Neural networks for extraction of multi-omics modules
||Neural networks for extraction of multi-omics modules|
||NAISS Small Compute|
||Hendrik Arnold De Weerd <email@example.com>|
||2023-09-01 – 2024-09-01|
The human interactome is a complex cobweb that spans multiple biological domains. Correspondingly, we now have an arsenal of high-throughput technologies that can measure the domains of the central dogma of molecular biology – and beyond. Indeed, DNA, DNA methylation, chromatin availability, mRNA expression, and protein abundance can, and have been, extensively measured, and these data are readily available to the public. In the case of complex diseases, i.e. maladies that arise from multiple factors, these measurements have elucidated several disease-related elements in multiple cellular domains. In other words, complex diseases have been found to have several disease-associated genetic variants, differentially expressed genes, and differentially expressed proteins.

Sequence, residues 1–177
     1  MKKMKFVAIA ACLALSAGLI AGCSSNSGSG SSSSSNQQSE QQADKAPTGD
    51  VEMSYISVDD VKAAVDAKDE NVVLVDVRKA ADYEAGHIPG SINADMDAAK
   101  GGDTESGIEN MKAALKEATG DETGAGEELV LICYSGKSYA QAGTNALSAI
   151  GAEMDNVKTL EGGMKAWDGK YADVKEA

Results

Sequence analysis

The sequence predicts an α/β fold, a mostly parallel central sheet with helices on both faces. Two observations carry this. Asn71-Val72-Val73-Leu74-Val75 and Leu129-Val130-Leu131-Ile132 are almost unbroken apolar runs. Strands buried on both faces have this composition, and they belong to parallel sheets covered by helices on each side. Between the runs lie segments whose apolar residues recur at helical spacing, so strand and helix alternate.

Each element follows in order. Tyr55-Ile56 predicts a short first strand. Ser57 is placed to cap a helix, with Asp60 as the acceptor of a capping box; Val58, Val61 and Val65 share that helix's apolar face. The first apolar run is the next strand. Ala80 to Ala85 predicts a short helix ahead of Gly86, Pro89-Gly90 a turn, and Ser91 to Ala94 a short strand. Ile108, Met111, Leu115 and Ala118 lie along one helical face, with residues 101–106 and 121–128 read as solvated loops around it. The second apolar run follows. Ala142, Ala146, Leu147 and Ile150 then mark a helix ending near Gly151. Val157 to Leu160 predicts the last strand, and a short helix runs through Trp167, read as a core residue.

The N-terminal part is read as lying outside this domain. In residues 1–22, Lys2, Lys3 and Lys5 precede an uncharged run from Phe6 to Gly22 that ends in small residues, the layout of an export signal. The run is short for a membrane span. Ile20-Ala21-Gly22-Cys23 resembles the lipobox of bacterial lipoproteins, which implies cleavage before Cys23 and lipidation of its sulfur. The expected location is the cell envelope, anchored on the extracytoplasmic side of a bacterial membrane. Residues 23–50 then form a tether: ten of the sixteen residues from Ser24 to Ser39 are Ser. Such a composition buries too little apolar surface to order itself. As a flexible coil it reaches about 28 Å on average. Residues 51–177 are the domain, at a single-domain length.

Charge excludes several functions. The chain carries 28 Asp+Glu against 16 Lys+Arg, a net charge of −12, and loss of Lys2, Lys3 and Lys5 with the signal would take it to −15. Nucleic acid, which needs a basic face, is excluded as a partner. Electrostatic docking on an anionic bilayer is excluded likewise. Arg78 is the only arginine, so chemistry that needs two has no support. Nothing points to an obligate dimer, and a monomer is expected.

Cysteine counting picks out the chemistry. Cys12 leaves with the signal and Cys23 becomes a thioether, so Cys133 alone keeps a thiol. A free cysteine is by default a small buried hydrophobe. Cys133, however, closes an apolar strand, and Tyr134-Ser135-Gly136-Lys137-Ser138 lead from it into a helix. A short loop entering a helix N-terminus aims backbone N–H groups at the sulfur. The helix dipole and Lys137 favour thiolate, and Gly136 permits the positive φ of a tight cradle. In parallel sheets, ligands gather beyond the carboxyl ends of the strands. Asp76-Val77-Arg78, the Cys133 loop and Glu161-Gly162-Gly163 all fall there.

Despite the massive amounts of data, the effect of a disease-associated change in one domain – such as a genetic mutation - is not easily predicted on a different domain, such as gene expression. There are at least two reasons for this difficulty. First, tools to analyse the impact of disease associated changes across the interactome have lagged behind. The reasons for this are plenty, with the non-linear relationship between cause and effect of disease changes being a prominent obstacle. Second, paired data that measure several omic’ domains from a sample are relatively sparse, especially from a perspective of modern data-intensive analysis tools.
This project aims to utilize deep learning techniques to elucidate causal variants in a shared latent space where two cellular domains are encoded in a double autoencoder.